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The Lacedaemonians, seeing the Peloponnesus uniting against them and foreseeing the magnitude of the impending war, began exerting every possible effort to make sure their position of leadership. And first of all the Helots who had served with Brasidas in Thrace, a thousand in all, were given their freedom; then the Spartans, who had been taken prisoner on the island of Sphacteria and had been disgraced on the ground that they had diminished the glory of Sparta, were freed from their state of disgrace. [2] Also, in pursuance of the same policy, by means of the commendations and honours accorded in the course of the war they were incited to surpass in the struggles which lay before them the deeds of valour they had already performed; and toward their allies they conducted themselves more equitably and conciliated the most unfavourably disposed of them with kindly treatment. [3] The Athenians, on the contrary, desiring to strike with fear those whom they suspected of planning secession, displayed an example for all to see in the punishment they inflicted on the inhabitants of Scione; for after reducing them by siege, they put to the sword all of them from the youth upwards, sold into slavery the children and women, and gave the island1 to the Plataeans to dwell in, since they had been expelled from their native land on account of the Athenians.2 [4]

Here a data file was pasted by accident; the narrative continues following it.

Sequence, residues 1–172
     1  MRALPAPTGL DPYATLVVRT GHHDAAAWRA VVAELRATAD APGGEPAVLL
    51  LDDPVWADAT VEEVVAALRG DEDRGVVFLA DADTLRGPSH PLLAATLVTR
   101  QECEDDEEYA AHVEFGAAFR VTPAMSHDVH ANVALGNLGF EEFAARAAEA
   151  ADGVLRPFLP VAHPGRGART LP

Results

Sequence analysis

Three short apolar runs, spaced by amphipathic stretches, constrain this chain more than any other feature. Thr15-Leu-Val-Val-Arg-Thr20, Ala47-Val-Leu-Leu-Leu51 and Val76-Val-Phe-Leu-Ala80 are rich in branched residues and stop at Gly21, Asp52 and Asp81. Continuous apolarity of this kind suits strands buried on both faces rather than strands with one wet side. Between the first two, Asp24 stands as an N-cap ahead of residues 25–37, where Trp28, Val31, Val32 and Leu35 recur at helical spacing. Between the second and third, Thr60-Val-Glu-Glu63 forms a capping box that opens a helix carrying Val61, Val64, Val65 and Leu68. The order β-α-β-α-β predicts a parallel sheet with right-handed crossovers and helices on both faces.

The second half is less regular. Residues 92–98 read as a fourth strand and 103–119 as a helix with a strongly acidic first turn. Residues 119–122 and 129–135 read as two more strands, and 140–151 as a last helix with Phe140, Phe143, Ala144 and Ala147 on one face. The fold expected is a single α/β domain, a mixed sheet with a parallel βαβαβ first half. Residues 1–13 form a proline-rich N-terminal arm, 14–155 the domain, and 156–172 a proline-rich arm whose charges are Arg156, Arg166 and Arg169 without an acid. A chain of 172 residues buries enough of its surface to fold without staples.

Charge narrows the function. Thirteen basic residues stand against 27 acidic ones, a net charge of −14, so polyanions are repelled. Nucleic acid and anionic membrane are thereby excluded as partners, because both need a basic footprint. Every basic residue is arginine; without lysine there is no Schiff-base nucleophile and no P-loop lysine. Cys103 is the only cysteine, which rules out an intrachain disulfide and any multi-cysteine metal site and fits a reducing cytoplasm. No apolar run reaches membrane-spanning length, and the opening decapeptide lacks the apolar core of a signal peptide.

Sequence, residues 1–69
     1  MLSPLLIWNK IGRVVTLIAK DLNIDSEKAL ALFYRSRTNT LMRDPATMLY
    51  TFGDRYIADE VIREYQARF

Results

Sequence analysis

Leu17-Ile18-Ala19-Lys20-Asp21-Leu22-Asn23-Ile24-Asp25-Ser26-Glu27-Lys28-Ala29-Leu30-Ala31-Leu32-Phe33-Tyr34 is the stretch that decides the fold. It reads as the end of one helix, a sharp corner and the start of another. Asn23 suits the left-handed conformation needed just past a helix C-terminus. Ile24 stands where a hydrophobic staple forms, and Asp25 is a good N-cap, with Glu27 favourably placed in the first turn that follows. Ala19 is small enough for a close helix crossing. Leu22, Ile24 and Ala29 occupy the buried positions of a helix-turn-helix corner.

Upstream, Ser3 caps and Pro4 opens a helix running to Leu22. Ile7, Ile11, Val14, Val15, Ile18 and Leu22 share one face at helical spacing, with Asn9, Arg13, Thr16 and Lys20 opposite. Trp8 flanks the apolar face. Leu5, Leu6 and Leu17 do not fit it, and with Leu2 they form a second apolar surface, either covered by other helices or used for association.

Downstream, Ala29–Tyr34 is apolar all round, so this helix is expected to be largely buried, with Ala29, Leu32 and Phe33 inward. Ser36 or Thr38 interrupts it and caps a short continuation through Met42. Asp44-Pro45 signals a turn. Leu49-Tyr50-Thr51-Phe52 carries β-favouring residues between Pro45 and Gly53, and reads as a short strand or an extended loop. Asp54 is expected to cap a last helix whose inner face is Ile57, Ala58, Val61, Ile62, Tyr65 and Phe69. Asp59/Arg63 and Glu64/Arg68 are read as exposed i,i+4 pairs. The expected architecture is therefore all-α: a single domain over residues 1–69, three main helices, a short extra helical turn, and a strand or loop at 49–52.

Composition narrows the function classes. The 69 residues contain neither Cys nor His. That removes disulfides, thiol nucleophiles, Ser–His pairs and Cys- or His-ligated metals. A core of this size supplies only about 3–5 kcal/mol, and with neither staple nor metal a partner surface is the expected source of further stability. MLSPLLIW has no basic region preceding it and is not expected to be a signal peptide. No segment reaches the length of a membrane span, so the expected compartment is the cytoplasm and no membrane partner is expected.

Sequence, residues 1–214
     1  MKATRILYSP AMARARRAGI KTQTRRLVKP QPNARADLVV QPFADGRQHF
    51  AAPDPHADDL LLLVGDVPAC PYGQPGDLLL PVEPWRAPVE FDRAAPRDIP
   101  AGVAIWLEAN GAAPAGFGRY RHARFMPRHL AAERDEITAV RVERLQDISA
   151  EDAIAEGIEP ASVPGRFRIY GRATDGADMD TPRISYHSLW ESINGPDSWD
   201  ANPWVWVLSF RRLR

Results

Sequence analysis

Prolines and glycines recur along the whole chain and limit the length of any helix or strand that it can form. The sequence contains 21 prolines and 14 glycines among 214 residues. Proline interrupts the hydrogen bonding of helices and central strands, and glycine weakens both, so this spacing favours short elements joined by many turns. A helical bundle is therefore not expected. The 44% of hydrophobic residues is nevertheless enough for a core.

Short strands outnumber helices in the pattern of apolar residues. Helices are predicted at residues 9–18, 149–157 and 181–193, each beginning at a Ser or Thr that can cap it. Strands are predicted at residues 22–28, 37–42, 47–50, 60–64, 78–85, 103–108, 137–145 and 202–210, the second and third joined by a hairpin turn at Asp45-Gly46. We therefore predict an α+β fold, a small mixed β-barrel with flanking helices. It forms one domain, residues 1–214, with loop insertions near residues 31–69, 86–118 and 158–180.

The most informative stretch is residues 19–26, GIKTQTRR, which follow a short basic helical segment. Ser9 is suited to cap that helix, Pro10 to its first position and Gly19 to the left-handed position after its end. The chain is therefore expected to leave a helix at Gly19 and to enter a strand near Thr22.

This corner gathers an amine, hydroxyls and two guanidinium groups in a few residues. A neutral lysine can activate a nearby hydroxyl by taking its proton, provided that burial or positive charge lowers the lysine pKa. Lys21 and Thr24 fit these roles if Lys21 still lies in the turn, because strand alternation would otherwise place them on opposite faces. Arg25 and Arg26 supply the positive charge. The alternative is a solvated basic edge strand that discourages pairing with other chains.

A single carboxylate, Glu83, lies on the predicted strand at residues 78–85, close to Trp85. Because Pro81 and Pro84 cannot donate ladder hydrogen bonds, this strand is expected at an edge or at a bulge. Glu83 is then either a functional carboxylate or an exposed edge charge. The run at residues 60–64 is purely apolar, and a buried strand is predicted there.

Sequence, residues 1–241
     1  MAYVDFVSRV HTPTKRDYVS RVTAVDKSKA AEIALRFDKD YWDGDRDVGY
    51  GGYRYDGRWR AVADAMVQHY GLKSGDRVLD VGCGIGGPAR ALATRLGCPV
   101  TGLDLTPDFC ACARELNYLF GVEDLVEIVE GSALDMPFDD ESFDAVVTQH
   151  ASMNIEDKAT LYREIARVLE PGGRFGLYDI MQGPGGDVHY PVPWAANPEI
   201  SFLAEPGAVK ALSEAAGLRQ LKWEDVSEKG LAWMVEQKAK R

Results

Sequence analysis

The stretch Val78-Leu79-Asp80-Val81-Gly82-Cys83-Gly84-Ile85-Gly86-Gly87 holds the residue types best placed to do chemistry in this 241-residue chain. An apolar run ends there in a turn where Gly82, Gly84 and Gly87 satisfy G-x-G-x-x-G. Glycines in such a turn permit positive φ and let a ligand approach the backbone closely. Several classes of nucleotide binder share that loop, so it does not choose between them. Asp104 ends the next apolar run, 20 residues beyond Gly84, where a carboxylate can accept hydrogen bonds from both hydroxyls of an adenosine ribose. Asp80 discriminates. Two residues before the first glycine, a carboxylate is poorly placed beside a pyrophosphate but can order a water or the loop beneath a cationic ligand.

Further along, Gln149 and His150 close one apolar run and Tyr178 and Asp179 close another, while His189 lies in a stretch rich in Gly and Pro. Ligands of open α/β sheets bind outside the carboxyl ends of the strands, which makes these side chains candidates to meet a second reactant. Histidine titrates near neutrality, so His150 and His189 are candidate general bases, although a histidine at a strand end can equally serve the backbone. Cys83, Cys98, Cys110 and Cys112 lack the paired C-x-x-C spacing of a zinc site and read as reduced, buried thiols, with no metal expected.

In the course of this year in Italy the Campanians advanced against Cyme with a strong army, defeated the Cymaeans in battle, and destroyed the larger part of the opposing forces. And settling down to a siege, they launched a number of assaults upon the city and took it by storm. They then plundered the city, sold into slavery the captured prisoners, and selected an adequate number of their own citizens to settle there.

1 Scione was a cherso-nesos ("near-island").

2 See chap. 56.

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  • Cross-references to this page (4):
    • Harper's, Cumae
    • Dictionary of Greek and Roman Geography (1854), CAMPA┬┤NIA
    • Dictionary of Greek and Roman Geography (1854), CUMAE
    • Dictionary of Greek and Roman Geography (1854), PLATAEA
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